As you can see from the temperatures listed above, the pathogens that we are primarily concerned about when it comes to safe drinking water are ALL killed (quickly) at temperatures much lower than 212°, the temperature at which water boils. That being the case… why would you unnecessarily waste any more fuel than you need to heating up your water those additional 63°? Great question, isn’t it?
Now let’s take another look at that milk pasteurization temperature above: 160° F.
Pasteurization is a process invented by French scientist Louis Pasteur during the early nineteenth century. Pasteur discovered that the pasteurization process made it possible to heat the milk to high enough temperature to kill all harmful microorganisms without “cooking” the milk causing it to curdle.

Now of course you never have to worry about your water curdling, but an important lesson can be gleaned from this milk pasteurization process that can be extremely beneficial: Water, like milk, does not have to be boiled to be safe to drink!

Temperature + Time = Pasteurization

Pasteurization is a process that occurs based on two variables: temperature and time. You see… you can actually pasteurize water at lower temps if you do it for a longer duration. This is extremely helpful in situations where A) you aren’t able to effect fire for heating your water, or B) you can make fire but you do not have a suitable container for boiling that can withstand the intense heat of your fire. Lower temperature/longer duration pasteurization can actually be done with discarded plastic 2 liter bottles set in the sunlight for longer periods of time (typically 6 hours). This method of disinfecting water is known as the SODIS (Solar Water Disinfection) method. You can even put something black or reflective behind your bottle to speed up the process!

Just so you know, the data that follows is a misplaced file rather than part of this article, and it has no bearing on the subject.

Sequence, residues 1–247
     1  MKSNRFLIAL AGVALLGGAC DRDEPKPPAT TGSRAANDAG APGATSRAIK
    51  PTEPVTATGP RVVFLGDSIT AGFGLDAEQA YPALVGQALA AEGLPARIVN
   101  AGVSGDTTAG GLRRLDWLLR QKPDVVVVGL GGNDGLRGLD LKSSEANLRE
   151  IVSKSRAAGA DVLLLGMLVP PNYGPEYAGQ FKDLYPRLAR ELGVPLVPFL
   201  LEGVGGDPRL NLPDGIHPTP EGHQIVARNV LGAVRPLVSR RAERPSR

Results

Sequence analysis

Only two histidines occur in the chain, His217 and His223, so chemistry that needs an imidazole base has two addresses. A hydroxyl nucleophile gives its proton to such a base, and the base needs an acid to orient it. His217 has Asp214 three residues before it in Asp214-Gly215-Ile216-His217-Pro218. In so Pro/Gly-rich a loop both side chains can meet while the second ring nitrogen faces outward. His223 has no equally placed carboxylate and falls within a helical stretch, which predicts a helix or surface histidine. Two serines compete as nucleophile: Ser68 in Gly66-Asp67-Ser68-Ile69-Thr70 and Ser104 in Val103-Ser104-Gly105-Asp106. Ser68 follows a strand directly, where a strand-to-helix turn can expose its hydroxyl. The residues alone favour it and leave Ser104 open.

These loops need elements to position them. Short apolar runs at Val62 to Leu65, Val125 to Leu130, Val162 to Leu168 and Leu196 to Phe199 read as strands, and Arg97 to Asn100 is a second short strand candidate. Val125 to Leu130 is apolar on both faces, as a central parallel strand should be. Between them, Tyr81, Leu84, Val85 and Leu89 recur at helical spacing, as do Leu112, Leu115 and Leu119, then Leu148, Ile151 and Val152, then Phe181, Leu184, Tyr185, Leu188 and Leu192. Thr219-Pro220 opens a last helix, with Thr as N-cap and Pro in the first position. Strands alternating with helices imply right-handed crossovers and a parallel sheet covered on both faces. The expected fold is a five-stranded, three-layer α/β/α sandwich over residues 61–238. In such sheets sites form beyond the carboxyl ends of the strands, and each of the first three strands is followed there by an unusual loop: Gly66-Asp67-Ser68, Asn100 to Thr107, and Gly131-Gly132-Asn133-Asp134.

So Why Do So Many Advocate Boiling Your Water?

Great question with a very simple answer: When those bubbles start to roll in your container of water, that is nothing more than a clear VISUAL INDICATOR that your water has become hot enough (actually MORE than enough) to have killed all of those little nasties. It works. It’s effective. But is it ideal? Or can we do better?

A classic WAPI in the author’s hand for sense of scale. Notice the bright
green plug of wax in the clear tube? That’s the stuff that melts and and
falls to the other end of the clear tube to let you know that your water is
pasteurized and ready for drinking!

Your Pasteurization Friend: the WAPI!

So if the bubbles from boiling water gives us that terrific visual indicator to let us know that our water has reached 212° F… but now we know that boiling our water to make it safe to drink is actually a waste of precious fuel resources (fuel, wood, candles, etc.)… how can we then determine if our water has gotten hot enough to have been properly pasteurized without those rolling bubbles? Great question again! We could certainly use a thermometer… but most of these are glass and very fragile. Too fragile to keep from breaking inside your kit. We need something small, light, compact, durable and can be used over and over again to let us know that our water has reached that effective pasteurization temperature. SOLUTION: A tiny inexpensive device known as a Water Pasteurization Indicator (WAPI)!
WAPI’s are incredibly simple little devices. They are nothing more than a tiny sealed clear tube with a special brightly colored (easy to see) green wax inside of them. This wax (known as Myverol 18-06) is formulated to melt at just the right temperature for pasteurization (156° F or 69° C.). In most WAPI designs the tube typically slides up and down a thin cable with a tiny weight on each end allowing you to flip the tube so that the wax inside can be easily positioned at the top of the tube again.